Public works crews take advantage of early springThis year’s record-breaking spring continues as abnormally high temps from earlier months carried over into May. The National Weather Service reports that the month’s average temp in Minneapolis was 4.6 degrees higher than normal.
By: Sarah Gorvin, The Republican Eagle
May by the numbers
High: 93 degrees May 18
Low: 42 May 21
Average daily high: 71.6 degrees
Average daily low: 52.5 degrees
Precipitation: 5.77 inches
Sources: U.S. Lock & Dam No. 3, Red Wing waste treatment plant
This year’s record-breaking spring continues as abnormally high temps from earlier months carried over into May. The National Weather Service reports that the month’s average temp in Minneapolis was 4.6 degrees higher than normal.
All the warm weather has meant everyone, including public works crews and construction workers, are getting a head start on outdoor projects.
“It’s actually pushed everything up a couple of weeks ahead of schedule,” city of Red Wing deputy public works director Lynn Nardinger said.
This year, city crews started blacktop patching sooner than expected. Nardinger said the warm weather allowed the plants used in the patching mix to open earlier. In addition, crews will start on the city’s alley projects as soon as next week. That’s as many as two weeks ahead of schedule.
“That’s a good thing,” Nardinger said. “It’ll take some of the pressure off later in the summer.”
An early spring also means a longer growing season for grass and trees. Nardinger said city public works has been getting requests for tree trimming, grass cutting and gravel road dust control well before expected.
The Minnesota Department of Transportation is seeing a similar pattern. State crews have already been out patching potholes, sealing cracks, repairing guardrails, barriers and fences and fixing culverts.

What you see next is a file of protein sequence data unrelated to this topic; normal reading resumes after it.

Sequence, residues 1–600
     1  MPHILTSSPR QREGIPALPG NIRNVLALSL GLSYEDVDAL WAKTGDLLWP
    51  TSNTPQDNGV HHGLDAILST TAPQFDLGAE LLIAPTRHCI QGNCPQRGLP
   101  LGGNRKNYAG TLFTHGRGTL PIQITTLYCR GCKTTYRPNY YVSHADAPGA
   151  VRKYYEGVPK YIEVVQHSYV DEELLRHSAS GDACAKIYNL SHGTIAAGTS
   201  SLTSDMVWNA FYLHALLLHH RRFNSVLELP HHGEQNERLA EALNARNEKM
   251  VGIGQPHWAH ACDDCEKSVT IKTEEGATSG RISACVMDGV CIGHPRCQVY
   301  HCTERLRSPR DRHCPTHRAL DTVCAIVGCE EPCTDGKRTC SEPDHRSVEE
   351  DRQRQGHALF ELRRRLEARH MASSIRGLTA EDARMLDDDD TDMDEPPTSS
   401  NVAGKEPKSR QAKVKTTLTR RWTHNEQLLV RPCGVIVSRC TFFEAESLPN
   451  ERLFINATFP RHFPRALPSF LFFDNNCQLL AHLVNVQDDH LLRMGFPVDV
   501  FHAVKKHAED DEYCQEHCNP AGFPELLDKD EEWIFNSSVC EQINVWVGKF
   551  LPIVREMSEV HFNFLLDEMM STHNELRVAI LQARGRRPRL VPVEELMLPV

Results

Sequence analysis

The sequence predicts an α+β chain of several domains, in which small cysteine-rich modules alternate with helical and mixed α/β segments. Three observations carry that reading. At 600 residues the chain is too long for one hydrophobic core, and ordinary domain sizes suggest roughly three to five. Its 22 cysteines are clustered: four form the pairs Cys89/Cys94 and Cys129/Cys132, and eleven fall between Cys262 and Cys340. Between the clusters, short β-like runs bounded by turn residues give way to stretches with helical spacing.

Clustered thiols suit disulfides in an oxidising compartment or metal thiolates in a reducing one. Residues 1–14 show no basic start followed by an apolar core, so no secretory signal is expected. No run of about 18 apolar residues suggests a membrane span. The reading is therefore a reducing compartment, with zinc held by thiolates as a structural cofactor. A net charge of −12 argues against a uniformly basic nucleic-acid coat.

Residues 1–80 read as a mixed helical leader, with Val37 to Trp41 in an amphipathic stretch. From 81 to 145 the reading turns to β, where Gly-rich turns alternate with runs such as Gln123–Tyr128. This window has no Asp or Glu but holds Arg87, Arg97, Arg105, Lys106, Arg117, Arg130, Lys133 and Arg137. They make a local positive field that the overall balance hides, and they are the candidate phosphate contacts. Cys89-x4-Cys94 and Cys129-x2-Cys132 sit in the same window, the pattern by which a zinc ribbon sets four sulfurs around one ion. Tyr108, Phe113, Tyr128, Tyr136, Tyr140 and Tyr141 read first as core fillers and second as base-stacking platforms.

“The department got caught up on maintenance work deferred due to last summer’s state government shutdown and jump-started several additional projects,” MNDot spokesman Kevin Gutknecht said in a press release.
However, the spring’s effects have been felt slightly less for Goodhue County Public Works.
“It’s been nice, but it hasn’t been a huge impact on anything,” Director Greg Isakson said.
The county bids out its road projects in January and February, and set swork specifications based on a typical summer. That means road work won’t begin until its normal early June start date.
However, county crews did get a head start on minor maintenance projects, such as trimming trees and washing last winter’s salt off of bridges.
Though the warm temperatures came early this year, the flooding seems to have shown up late. Heavy rains throughout the state in the later part of May caused the Mississippi River to approach flood levels this week.
The National Weather Service is predicting the river to crest in Red Wing next week at around 12.5 feet, just below minor flood stage at 14 feet.
Levee Road was closed last week, Nardinger said, and crews will evaluate whether to close Colvill Park on Sunday morning.
In the county, Isakson said repairs will need to be done in a few washout areas and grass seed that was washed away will need to be replanted.
“It’s interesting that the Mississippi was at its typical August stage in April and at its April stage now,” Isakson said. “It’s been a strange year.”